The best way to start off breeding Cinnamon rats is to purchase a quality pair or trio from a reputable breeder. Unfortunately, they are not particularly common at this time and finding quality base stock could prove to be frustrating.

Cinnamon Rat
This nice female Cinnamon would make a good breeding prospect.

Fortunately, Cinnamon is an easy color to create. Cinnamon is simply an Agouti rat with a double dose of Mink (or Lilac). In order to create a Cinnamon, you will need to acquire both an Agouti and a Self Mink/Lilac rat. It’s best to use a brightly colored Agouti, and it is important to pay particular attention to type. The Agouti group of rats can have some of the best type seen on the show bench, so there is no reason to start with an Agouti that has less than good type. It is also important to use both a Mink/Lilac and an Agouti that have no white markings and no white on their feet.

When you breed the Agouti with the Mink/Lilac you are likely to produce an entire litter of Agoutis (or some Agoutis and some Blacks). The only way you will get Cinnamon in this first litter is if your Agouti is carrying Mink/Lilac. Keep the best of the Agouti babies produced, and either breed them together or breed them back to their Mink/Lilac parent. Either choice will produce some Cinnamons.

Litters of Cinnamons can seem disappointing at first since it takes time for the babies to color up. Those that appear the brightest are the ones to keep.

Problems that are common in this color are patchiness and a tendency for the color to be too gray. All Cinnamon rats will appear patchy when they are moulting, and this is normal. Some Cinnamons will stick in the moult or develop a permanently patchy appearance. Often, these look like they have two or three different shades of brown in patches all over their bodies. This trait is often genetic in nature and these rats should not be chosen for breeding. Likewise, those that are too brown or too gray should be avoided.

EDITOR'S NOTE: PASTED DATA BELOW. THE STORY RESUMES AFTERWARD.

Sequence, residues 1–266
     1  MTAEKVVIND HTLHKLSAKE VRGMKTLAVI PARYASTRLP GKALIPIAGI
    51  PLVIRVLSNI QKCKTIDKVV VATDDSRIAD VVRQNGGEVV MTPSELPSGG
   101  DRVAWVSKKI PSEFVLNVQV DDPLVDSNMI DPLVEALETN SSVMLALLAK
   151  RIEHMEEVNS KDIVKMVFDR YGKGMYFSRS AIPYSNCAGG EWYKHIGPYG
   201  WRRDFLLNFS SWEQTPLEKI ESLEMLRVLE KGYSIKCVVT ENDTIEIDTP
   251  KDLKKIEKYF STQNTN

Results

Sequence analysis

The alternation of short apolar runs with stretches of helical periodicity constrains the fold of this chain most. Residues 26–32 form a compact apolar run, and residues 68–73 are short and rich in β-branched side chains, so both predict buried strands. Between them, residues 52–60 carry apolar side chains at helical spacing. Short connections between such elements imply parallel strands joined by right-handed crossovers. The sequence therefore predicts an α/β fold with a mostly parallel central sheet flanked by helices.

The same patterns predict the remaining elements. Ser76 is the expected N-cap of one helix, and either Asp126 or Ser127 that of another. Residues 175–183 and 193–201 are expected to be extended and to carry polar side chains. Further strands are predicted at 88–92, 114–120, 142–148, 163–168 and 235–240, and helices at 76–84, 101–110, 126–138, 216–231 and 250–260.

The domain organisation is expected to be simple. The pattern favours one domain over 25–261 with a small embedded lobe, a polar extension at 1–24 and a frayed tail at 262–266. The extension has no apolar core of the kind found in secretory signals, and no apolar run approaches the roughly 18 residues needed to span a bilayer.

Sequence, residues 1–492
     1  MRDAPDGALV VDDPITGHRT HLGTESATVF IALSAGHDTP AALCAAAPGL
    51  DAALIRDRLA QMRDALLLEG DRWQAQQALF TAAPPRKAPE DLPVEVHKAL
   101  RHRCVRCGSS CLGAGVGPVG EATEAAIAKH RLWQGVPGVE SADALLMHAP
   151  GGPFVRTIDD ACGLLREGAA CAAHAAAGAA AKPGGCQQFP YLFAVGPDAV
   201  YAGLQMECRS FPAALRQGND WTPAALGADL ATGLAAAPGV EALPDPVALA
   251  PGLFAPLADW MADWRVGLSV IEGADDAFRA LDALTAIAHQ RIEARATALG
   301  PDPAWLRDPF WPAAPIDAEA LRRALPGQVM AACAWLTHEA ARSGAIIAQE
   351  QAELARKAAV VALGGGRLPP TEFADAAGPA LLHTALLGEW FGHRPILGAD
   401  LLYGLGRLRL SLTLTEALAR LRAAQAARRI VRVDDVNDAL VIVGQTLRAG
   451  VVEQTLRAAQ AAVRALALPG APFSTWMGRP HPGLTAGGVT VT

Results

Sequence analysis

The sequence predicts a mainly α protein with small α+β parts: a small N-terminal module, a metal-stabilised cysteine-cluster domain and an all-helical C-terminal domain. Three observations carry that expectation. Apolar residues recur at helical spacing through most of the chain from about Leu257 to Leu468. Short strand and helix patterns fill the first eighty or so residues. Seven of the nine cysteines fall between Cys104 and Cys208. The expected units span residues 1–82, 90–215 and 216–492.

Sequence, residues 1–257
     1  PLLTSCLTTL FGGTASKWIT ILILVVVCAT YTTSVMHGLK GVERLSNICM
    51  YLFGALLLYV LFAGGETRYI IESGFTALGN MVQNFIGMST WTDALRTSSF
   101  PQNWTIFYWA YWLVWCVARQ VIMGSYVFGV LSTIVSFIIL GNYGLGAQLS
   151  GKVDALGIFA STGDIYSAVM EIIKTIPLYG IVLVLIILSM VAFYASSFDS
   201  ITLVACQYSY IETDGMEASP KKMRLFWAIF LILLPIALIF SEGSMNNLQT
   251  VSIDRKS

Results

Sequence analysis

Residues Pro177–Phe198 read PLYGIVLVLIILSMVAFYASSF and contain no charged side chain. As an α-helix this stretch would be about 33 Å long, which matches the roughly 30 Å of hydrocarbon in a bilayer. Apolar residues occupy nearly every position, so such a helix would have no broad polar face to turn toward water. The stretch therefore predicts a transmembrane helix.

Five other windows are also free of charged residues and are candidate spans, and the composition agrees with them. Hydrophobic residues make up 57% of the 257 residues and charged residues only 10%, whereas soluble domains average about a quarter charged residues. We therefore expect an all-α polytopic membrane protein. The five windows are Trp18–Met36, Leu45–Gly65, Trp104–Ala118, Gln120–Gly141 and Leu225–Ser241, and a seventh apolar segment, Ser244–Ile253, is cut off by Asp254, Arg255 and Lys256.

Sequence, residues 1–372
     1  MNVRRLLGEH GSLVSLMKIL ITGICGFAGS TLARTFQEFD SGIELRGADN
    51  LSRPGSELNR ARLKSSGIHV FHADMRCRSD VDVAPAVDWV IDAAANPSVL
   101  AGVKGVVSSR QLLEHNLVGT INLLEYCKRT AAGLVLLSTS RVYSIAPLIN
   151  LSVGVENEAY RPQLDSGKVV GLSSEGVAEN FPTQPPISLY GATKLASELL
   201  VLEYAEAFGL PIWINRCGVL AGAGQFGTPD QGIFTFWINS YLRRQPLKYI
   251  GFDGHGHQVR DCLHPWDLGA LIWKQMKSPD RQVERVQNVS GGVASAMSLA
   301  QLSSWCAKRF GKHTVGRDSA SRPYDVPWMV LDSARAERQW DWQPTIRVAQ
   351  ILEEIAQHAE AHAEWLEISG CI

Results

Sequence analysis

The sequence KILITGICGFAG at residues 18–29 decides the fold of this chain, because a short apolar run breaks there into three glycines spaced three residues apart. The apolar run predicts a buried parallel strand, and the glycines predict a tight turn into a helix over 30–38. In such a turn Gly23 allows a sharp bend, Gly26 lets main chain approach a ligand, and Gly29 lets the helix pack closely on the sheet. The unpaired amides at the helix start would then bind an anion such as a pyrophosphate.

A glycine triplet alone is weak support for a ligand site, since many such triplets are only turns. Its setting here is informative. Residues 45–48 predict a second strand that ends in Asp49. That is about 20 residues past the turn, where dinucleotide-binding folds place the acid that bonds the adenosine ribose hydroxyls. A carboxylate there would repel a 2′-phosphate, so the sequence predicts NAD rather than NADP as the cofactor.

It is very easy to breed for color and lose sight of the conformation of the rats you are producing. One half of what a rat is judged on is the way they are put together. This is a particularly important feature with all the Agouti colors since we tend to see the very best type on these rats. Avoid breeding those rats that do not measure up.


Showing Cinnamons is very simple. They require very little in preparation for a show. They rarely develop any type of staining, and only need to be bathed if they are truly dirty. As with any rat that is being shown, make sure their tails are clean and their toenails trimmed. Otherwise, a wipe down with a silk cloth will bring out their shine and remove any dust.

Cinnamon Rat
“Todoe” being judged at the November 13, 1994, show. Owned by Gina Hendricks.

When judging the Cinnamon, a judge is looking for that characteristic bright color. Any grayness will be penalized. Patchiness will also be penalized, and any rats in heavy moult should be left at home. As said before, type is very important and there is no excuse for a Cinnamon to have poor conformation.

When judging the Cinnamon, a judge is looking for that characteristic Cinnamon rats are not difficult to breed, and it is possible to do so in very small numbers. It is also possible to breed both Agouti and Cinnamon, or Cinnamon and Mink/Lilac in the same rattery and run the lines together using each as an outcross/line breeding for the other. Cinnamons can do very well on the show bench, and a good specimen really stands out. All in all, Cinnamon rats are one of the better colors for those new to the rat fancy and can be enjoyed by the experienced fancier as well. *


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Updated February 21, 2015